WARRENSBURG - Friday afternoon, Warren County budget officer Kevin Geraghty sat with his office door shut, and a paper tape from his adding machine extended from his desk to the floor.
Sequestered in his office, Geraghty was busy crunching numbers, making final budget reductions, in preparation for some landmark decisions this week.
The 2010 county budget, which has spawned job losses and controversy, is scheduled for a vote Friday by the full county Board of Supervisors, as they determine their preliminary spending plan under a looming state deadline.
When the supervisors started their budget cutting in the spring, the increase in amount to be raised by taxes for 2010 over 2009 was about $13 million, and it increased by millions more over the next few months - due to cutbacks in state reimbursements and revenue shortfalls both in sales tax receipts and from the county trash plant operation. Most of these shortfalls were prompted by the floundering economy.
Tax hike now estimated at 11 percent
But in the last several days, Geraghty and other county officials have trimmed just more than $2 million of an anticipated $6 million shortfall.
The latest reductions, taken late last week, include savings of $300,000 in how the county Social Services Department administers the federal food stamp program, $140,000 in health insurance savings, $1.5 million due to applying a one-time federal reimbursement stipend to local Medicaid costs, and $115,550 in additional cuts from equipment, supplies, fuel and miscellaneous costs throughout the county departments.
As of Friday afternoon, the budget shortfall stood at $3,946,000, which would represent a 10.9 percent increase in county taxes for 2010, down from a 16.6 percent increase predicted last week.
Cutbacks threaten jail revenue
Recent budget reductions included a vote by county supervisors last Tuesday not to fill two jail guard positions, which may prompt the state to decertify the county jail from accepting boarders from other counties, according to Sheriff Bud York. Such a move could cost Warren County hundreds of thousands of dollars in revenue - including losing a planned $210,000 increase for 2010 in boarding receipts, he has warned.
Officials of the state Commission of Correction, which has the certification powers, are scheduled to be visiting the county jail on Wednesday.
Road patrol reductions eyed
Cutting appropriations to the county Sheriff's Department have been a recent focus of county supervisors, as the agency includes the largest non-mandated expense shouldered by taxpayers: the sheriff's road patrol.
Discussions of cutting the patrol staffing have prompted controversy, with supervisors representing the city of Glens Falls or Queensbury generally arguing to reduce the patrol, while those supervisors representing the rural northern towns argue to retain the patrol staffing - police presence in the small towns is vital to public safety, they say.
A total of $30,000 has been cut from the sheriff's department annual overtime costs of about $470,000 in the latest budget trimming, officials said Monday. Road patrol overtime was budgeted at $233,000 and will be $200,000 for 2010. Jail personnel overtime, with $215,000 allotted for 2009 total now, will remain the same, as will the $22,000 for 2009 emergency dispatch overtime.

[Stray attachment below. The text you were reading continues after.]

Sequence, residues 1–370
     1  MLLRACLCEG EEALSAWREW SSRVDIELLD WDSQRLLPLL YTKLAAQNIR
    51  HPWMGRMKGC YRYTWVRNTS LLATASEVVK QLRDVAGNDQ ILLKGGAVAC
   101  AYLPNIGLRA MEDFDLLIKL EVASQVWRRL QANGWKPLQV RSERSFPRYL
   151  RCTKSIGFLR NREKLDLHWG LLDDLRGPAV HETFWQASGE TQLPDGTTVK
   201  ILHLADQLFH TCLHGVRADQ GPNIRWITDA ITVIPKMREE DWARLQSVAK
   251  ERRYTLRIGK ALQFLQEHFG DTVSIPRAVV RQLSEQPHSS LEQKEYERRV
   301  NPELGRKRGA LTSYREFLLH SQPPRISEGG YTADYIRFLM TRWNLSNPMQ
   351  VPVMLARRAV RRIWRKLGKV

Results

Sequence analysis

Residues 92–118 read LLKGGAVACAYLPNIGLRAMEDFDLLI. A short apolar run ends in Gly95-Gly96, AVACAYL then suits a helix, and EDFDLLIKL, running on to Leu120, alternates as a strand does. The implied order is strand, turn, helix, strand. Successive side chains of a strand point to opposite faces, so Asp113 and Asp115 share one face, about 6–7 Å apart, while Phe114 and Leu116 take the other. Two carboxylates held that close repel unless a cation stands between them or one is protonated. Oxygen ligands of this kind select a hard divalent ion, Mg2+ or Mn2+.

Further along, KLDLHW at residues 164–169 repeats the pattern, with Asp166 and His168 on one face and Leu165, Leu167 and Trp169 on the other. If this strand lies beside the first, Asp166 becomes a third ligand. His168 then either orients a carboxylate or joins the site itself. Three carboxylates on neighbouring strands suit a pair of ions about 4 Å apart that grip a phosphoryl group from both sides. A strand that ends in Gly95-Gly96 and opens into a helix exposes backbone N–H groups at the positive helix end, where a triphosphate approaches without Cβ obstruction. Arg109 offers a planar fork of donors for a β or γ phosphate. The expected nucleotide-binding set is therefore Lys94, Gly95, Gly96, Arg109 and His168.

Deeper cuts to patrol overtime could be made if organizers of special events - like Americade and the Adirondack Nationals Car Show - pay for their own crowd control, county officials said. Both of these two are held annually in Lake George.
Much of the officers' overtime costs go toward weekend duties at large events as well as police escorts for parades.
Nov. 10, the supervisors endorsed an extension of early retirement incentives for sheriff's officers. Whether this offer will end up in a reduced staff isn't clear - county officials earlier this year assumed six officers would take the incentive and retire early, but only three have done so.
One big element of the county's tax increase has been the 3 percent wage increases for many of the county workers, agreed upon before the county's financial troubles.
To date, the union officials have refused to renegotiate the contracts, and county officials have instead cut 50 or so jobs.
A joint meeting of the supervisors' personnel and public safety committees is set for 9:30 a.m. Wednesday Nov. 18, and discussion of job cuts or overtime reduction is likely to reoccur, county officials said Monday.
The latest cuts mean the anticipated budget has now been reduced by a total of $7,131,1555 in amount to be raised by taxes. About 50 positions have been cut, including the county's top executive post.
A total of $492,000 was cut from funding independent service agencies, $1.1 million cut voluntarily by county department heads - primarily in projects, services, equipment and supplies - and $4.5 million in cuts and revenue enhancement, primarily due to the work of the county budget officer and budget committee members, according to county records.
One of these cuts, which may save the county as much as $500,000, is to hike employees' health insurance deductibles on claims, but reimbursing those employees for the difference on claims actually submitted.